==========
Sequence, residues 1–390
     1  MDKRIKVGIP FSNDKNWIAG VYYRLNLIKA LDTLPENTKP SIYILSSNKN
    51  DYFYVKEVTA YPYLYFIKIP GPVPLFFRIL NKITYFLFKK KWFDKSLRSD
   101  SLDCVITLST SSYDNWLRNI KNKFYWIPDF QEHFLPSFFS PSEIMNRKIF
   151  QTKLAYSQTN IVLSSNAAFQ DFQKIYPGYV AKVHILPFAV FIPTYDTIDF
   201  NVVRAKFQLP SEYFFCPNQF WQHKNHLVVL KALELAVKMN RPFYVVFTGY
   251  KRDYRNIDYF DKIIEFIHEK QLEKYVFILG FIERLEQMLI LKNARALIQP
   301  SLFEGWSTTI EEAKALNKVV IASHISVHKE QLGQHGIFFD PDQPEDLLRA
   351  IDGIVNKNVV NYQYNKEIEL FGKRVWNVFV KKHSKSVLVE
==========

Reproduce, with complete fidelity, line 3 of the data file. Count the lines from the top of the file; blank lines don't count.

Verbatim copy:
    51  DYFYVKEVTA YPYLYFIKIP GPVPLFFRIL NKITYFLFKK KWFDKSLRSD